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In Song of Songs 6:11-12 (NLT)

Young Woman

11 I went down to the grove of walnut trees and out to the valley to see the new spring growth, to see whether the grapevines had budded or the pomegranates were in bloom.

12 Before I realized it, my strong desires had taken me to the chariot of a noble man.

Yet in NASB the exact same verses are attributed to the Groom

11 I went down to the orchard of nut trees To see the plants of the valley, To see whether the vine had grown Or the pomegranates had bloomed.

12 Before I was aware, my soul set me Over the chariots of my noble people.”

Are these two verses attributed to him or to her?

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SS 6:11, 12 is a troublesome part of the text as it almost certainly corrupt. There is nothing in the text itself of these two verse that confirms much about the identity of the speaker, male or female.

Clues suggesting it is male:

  • V10 suggests a male (king) to follow
  • V12 suggests a kingly (Solomonic) procession

Clues that suggest it is female:

  • V13 suggests a female, "Shulamite" but this is not certain.

Ellicott has a fascinating discussion of the textual problems here:

EXCURSUS III.—ON THE PASSAGE, Song of Solomon 6:11-13.

Translated word for word this passage runs as follows:—“Into the garden of nuts I descended to see the verdure of the valley, to see if the vine was shooting, if the pomegranates flourished. I did not know,—my soul,—put me,—chariots of my people—noble. Come back, come back the Shulamite. Come back, come back, in order that we may see thee. What do you see in Shulamite? Like the dance of two camps.”

This the LXX. translate:—“Into the garden of nuts I descended to see among the vegetation of the torrent bed, to see if the vine flourished, if the pomegranate sprouted, there I will give thee my breasts. My soul did not know, the chariots of Amminadab put me—return, return, Shunamite, return, return, and we will contemplate thee. What will you see in the Shunamite? She that cometh like choruses of the camps.”

The Vulgate does not insert the promise of love, and reads: “and I did not know, my soul troubled me on account of the four-horsed chariots of Amminadab. Return, return, Shulamite, that we may look at thee. What wilt thou see in the Shulamite; if not the chorus of camps.”

A comparison of the above seems to show—

(1) That the Hebrew text has not come down to us in its integrity.

(2) That the Greek translators had before their eyes another text.

(3) That neither they nor St. Jerome understood the text which came to them already incomplete.

Yet this impossible passage, “the rags of a text irremediably corrupt,” has become for many scholars the key to the entire book. The heroine in a moment of bewilderment strays into the midst of a cortége of King Solomon, who instantly falls in love with her; or perhaps into the midst of a detachment of his troops, who capture her for the royal harem, after a comparison of her simple country style of dancing with that of the trained court ladies. This, or some similar device, is resorted to by most of those who construct an elaborate drama out of this series of love-lyrics, the whole structure falling to pieces when we see that on this, the centre, the only passage giving a possible incident on which to hang the rest, no reliance whatever can be placed, since it is so obviously corrupt.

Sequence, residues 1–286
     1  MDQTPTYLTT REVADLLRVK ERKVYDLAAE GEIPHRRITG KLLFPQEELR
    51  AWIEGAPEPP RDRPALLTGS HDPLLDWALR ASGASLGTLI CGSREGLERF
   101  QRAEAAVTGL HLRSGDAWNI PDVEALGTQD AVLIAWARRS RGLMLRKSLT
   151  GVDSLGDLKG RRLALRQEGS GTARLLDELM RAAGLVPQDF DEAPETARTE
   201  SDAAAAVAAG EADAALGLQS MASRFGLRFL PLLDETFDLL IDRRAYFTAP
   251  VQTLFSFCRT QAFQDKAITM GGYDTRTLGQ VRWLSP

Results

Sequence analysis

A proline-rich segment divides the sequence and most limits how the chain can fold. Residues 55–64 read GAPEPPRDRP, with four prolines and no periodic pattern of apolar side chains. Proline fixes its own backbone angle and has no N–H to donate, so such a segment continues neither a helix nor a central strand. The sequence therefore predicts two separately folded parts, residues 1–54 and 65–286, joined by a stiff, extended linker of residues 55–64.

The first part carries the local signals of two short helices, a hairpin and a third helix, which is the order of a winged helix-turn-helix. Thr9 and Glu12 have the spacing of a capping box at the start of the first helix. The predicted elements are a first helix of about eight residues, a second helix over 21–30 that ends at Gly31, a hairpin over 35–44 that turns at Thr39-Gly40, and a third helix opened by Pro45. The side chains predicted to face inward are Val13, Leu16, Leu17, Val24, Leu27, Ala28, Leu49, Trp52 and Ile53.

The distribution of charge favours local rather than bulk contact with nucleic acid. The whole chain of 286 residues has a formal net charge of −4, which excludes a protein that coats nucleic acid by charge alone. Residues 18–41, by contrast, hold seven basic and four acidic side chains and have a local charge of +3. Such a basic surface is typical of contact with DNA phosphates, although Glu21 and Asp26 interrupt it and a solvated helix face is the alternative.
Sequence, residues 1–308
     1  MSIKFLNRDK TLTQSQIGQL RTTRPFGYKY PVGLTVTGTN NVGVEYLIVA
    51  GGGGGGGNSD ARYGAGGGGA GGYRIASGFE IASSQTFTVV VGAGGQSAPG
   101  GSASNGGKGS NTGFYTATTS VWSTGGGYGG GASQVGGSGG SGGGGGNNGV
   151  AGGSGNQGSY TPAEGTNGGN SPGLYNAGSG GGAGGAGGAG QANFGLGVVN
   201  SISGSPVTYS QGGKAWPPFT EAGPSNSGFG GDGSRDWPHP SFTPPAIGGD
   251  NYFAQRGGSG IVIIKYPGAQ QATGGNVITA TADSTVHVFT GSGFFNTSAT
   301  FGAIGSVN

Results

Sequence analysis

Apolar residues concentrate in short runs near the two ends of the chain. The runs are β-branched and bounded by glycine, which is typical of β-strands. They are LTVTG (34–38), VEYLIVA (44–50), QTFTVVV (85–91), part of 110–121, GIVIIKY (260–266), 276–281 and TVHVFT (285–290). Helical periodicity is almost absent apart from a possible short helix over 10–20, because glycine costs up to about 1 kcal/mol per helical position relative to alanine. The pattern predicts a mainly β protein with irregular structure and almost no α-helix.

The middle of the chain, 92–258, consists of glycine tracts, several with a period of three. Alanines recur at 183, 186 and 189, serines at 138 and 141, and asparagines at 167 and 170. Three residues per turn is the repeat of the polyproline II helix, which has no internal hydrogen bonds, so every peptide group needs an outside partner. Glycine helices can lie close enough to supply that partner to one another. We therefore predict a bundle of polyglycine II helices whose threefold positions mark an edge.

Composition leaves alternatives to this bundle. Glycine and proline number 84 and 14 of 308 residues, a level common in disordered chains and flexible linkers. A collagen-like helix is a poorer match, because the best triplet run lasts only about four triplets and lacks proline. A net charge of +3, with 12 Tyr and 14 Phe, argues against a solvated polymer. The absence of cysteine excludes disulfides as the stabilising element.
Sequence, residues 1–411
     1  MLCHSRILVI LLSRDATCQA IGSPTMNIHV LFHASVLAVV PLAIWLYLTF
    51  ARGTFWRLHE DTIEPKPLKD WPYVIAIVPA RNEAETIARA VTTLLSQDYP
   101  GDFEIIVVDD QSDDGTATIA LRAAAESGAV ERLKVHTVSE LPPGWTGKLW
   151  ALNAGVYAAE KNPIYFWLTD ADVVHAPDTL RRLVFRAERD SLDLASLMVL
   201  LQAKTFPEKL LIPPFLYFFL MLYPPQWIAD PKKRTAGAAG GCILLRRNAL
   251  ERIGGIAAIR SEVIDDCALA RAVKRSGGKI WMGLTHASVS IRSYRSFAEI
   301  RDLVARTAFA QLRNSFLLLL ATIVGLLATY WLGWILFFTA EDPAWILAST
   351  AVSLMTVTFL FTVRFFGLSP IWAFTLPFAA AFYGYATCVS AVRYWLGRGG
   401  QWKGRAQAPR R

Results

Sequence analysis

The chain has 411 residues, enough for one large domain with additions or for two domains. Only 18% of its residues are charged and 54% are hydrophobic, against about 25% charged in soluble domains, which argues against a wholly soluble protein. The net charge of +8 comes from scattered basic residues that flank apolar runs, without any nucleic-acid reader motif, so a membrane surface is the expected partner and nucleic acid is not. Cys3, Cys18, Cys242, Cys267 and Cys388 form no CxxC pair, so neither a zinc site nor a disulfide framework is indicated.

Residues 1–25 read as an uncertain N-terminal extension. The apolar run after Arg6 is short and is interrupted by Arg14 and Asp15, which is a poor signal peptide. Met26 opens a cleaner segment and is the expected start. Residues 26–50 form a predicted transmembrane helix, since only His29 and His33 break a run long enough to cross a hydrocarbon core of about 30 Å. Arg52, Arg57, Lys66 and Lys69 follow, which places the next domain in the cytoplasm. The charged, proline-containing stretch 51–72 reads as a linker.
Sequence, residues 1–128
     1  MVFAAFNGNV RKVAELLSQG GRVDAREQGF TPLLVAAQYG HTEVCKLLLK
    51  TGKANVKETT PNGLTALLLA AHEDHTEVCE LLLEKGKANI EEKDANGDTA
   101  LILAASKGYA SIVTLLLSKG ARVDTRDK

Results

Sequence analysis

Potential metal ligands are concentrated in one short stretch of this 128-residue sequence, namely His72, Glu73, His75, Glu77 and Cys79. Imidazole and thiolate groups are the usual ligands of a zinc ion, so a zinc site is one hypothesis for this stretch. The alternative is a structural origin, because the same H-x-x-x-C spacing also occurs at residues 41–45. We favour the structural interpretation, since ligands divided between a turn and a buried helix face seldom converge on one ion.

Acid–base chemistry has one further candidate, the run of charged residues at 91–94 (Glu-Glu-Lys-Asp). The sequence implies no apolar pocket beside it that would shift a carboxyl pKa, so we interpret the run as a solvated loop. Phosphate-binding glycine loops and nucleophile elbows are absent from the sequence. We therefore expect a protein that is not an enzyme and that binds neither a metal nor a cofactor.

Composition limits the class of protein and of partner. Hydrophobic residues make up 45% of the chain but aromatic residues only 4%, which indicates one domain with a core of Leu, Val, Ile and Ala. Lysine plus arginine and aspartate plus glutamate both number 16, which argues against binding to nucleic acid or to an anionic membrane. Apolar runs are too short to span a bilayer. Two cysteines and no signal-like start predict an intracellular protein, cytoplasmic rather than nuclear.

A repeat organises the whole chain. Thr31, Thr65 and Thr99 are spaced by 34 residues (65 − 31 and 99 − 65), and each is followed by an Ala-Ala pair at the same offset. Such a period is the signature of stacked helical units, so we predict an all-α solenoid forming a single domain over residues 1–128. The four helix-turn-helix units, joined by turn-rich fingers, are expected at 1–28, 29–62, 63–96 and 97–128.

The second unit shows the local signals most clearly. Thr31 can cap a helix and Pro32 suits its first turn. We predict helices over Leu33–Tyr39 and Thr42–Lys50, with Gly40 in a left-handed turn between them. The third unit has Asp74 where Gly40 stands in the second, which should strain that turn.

The following are a few of various suggested translations of this piece:—

“My heart led me—I know not how—far from the troop of my noble people. Come back, come back, they cry, that we may see thee, Shulamite. What do you see in me, a poor Shulamite?”

“My desire made of me, so to speak, a chariot of my noble people,” &c.

“My desire brought me to a chariot, a noble one,” &c.

“Suddenly I was seized with fright,—chariots of my people the Prince!”

As to “the dance of Mahanaim,” even if by itself intelligible, as a, reference to an old national dance, as we say “Polonaise,” “Scotch dance,” or as a dance performed by two choirs or bands (see Note ad loc.) the connection with the context is almost inexplicable. The only suggestion which seems worthy of consideration, connects the words not with what precedes but with what immediately follows. If a word or words leading to the comparison, “like,” &c, have dropped out, or if “like a dance of Mahanaim” may be taken as a kind of stage direction, to introduce the choric scene, the passage will become clear in the light thrown on it by the analogy of the modern Syrian marriage customs.

The question, “What do you see in Shulamite?” may be understood as a challenge to the poet to sing the customary “wasf” or eulogy on the bride’s beauty, which accordingly follows in the next chapter. But before it began, a dance after the manner of the sword dance that forms at present a customary part of a Syrian wedding, would in due course have to be performed, and the words “(dance) like the dance of Mahanaim” would be a direction for its performance. See end of Excursus II. on the form of the Poem.

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  • Wow thank you Dottard. Ellicott's approach is for me inspiring next time stumbling across this line of questions! Jun 6 at 10:44

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